BUFFALO, N.Y. (WIVB) — 12 days before high school sports were set to begin practice across the state, New York State High School Athletic Association made the move to delay the high risk fall sports season to the spring.
Now, high school football, volleyball, and competitive cheer are set to start their seasons on March 1st, and those seasons will end on May 1st. The typical spring sports seasons will start on April 16th and go through June.
The move by NYSPHSAA leaves coaches and athletes alike disappointed.
“We’re disappointed that we’re not able to play, but with that said, we have a definite date in mind now and we can actually hopefully start getting with kids, getting workouts in, and treat the fall as an offseason that we normally would have in the spring,” South Park head football coach Tim Delaney said. “Some of that will get tricky, weather will play a part in how much we can do in the offseason in December, January and February, but at least there’s a goal in mind. Now our Section can hammer home a schedule and make a plan for what football in March and April will look like.”
Even though high school programs now have a definitive date set to begin to play, questions still remain. NYSPHSAA announced that football programs can begin offseason workouts on September 21st, but that they will have to be open to the entire student body, and cannot be mandatory. Non-contact practices throughout the fall are fine, but what happens when teams have to start preparing to play in the middle of a Buffalo winter?
“Hopefully basketball plays, and even then gym space is limited. We already don’t have a ton of indoor facilities across the area that are turfed that people can use. We’ll have 70+ teams looking for that space,” Delaney said. “It’ll get tricky, but I feel like throughout Western New York we have a lot of really good football coaches and programs that will do anything they can to make sure they’re ready for March 1st.”
Another issue athletics are facing right now is the disparity between school districts and the way they are returning to school in the fall semester. Buffalo Public Schools are fully remote, while some districts are doing more of a hybrid system. Without the ability to physically see their student-athletes in person, it’s increasingly difficult to not only bond as a team, but to get everyone on the same page when it comes to preparing for the season.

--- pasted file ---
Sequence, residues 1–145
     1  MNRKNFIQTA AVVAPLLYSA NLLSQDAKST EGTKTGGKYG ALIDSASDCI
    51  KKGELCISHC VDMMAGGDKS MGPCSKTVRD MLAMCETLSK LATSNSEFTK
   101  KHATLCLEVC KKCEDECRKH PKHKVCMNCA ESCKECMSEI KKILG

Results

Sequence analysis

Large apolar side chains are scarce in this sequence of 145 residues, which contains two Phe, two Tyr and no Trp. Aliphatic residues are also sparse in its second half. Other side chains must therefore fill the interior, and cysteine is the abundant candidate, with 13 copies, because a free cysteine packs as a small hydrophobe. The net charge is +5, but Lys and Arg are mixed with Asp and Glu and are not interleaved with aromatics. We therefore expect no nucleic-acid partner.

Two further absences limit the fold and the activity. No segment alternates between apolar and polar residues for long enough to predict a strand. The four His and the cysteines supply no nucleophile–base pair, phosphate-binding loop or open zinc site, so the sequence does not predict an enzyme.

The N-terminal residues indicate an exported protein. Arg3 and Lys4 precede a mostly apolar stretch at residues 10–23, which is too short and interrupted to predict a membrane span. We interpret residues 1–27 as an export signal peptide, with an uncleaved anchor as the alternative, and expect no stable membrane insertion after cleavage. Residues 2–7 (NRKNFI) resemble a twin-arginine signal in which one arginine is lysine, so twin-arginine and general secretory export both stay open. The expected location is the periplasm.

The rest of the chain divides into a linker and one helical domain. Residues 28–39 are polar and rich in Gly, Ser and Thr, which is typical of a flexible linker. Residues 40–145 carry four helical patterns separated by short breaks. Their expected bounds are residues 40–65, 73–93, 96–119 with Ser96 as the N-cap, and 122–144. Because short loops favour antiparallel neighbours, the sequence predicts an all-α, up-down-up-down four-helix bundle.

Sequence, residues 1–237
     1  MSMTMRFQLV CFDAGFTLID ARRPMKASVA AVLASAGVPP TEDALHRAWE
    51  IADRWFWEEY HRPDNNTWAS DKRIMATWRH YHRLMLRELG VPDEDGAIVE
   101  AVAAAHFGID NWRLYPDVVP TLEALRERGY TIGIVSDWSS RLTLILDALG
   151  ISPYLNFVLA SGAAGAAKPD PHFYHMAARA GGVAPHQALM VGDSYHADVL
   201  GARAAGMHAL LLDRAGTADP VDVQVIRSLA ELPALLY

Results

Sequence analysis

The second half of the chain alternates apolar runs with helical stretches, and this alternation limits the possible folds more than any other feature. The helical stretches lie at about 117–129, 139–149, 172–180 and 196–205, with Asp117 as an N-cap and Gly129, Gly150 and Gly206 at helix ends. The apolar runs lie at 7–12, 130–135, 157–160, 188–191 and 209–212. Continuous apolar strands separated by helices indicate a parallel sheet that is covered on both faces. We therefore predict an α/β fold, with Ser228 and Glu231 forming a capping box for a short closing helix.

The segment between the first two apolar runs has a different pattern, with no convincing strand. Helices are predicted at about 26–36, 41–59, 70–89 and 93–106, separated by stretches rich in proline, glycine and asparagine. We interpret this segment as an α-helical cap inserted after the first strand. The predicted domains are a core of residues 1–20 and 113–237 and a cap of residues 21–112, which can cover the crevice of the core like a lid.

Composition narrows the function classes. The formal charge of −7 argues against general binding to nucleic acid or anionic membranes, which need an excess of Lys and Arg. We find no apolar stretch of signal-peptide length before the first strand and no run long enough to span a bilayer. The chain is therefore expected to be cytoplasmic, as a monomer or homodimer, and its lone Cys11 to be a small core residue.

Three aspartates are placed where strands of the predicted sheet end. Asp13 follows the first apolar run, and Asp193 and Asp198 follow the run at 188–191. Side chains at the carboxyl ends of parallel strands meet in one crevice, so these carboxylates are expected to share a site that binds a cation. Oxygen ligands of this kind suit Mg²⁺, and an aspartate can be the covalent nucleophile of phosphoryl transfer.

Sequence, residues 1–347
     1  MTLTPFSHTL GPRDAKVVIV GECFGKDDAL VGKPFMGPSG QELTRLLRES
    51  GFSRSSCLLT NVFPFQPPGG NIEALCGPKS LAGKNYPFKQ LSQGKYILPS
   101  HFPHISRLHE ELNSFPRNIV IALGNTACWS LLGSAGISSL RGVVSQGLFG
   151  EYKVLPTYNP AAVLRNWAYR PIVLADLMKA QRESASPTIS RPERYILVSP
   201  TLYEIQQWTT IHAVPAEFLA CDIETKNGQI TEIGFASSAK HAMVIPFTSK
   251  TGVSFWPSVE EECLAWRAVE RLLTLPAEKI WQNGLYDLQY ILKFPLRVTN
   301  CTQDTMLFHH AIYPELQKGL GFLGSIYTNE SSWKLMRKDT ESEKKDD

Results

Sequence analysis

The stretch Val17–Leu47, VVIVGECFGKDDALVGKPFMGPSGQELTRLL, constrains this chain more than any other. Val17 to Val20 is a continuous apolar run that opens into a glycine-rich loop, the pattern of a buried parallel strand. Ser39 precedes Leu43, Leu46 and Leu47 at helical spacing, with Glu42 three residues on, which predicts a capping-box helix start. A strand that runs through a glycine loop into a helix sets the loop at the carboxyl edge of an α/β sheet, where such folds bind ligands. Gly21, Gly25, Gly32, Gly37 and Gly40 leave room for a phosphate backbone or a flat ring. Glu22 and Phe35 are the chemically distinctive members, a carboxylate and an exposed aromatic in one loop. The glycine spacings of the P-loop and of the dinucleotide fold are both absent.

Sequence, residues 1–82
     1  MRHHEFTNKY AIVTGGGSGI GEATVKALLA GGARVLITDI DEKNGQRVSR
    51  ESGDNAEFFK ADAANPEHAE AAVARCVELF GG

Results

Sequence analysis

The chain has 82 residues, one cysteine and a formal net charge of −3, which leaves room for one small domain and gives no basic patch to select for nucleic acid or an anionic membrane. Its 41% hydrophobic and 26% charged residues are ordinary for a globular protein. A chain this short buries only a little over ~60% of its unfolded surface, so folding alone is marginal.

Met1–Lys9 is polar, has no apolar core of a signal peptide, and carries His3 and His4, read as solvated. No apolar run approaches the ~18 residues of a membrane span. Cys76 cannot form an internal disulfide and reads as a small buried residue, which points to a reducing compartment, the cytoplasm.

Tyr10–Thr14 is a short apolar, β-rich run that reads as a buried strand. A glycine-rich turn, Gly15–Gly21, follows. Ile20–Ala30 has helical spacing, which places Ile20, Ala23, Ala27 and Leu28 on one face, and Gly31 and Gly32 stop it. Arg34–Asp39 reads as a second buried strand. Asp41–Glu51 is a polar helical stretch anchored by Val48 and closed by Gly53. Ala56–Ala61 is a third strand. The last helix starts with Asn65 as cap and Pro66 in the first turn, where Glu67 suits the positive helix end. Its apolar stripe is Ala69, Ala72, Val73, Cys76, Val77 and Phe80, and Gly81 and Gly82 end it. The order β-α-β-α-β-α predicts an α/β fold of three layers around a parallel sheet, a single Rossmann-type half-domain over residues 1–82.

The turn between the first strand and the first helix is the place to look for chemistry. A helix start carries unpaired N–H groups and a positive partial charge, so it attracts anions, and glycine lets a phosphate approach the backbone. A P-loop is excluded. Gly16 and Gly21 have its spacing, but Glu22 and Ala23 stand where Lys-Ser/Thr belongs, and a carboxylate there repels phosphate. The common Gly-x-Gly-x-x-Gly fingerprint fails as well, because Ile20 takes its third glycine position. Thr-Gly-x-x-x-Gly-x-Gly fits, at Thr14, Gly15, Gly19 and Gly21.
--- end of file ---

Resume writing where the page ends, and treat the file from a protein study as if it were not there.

“One of the biggest issues for our program particularly and the five city programs is that kids aren’t in school. It’s the same thing that we’ve faced since all the way back in March,” Delaney said. “We’re not getting that day-to-day face time with the kids, that interaction, they’re not in the building getting their workouts in after school, all those things, and those things are continuing. Other programs are probably seeing their kids at least a little bit with different hybrid models.
“For us, specifically, that’s one of the biggest hurdles. We’ve all had thoughts and plans, but now that there’s an actual day on the calendar that it looks like we’re going to start, now we can really nail home what we want to accomplish over the next few months.”
As disappointing as it is to not be playing football under the Friday night lights in the fall, Coach Delaney is trying to look on the bright side by preaching to his players the chance to make history when the season comes around in the spring.
“Kids across the area initially are still in shock that we’re not going to line up and play as the NFL gets ready to play tonight and there’s been some college football games and other high school games televised. Now as programs lay out their plan to their kids and their parents, I think it’ll just become part of their normal routine to think about that spring season that we’ll have. We’ve prided ourselves in being the first in a lot of things, and that’ll be our calling card all offseason, can we be the first spring divisional champ sectional final game, all those things that we’ll talk about, and that’ll put a little emphasis on that. Then all the kids that are not seniors, are we playing two football seasons in the span of seven, eight months? That’ll bring up other challenges that aren’t brought up currently because we’re still just talking about playing the 2020 season in the spring of 2021.”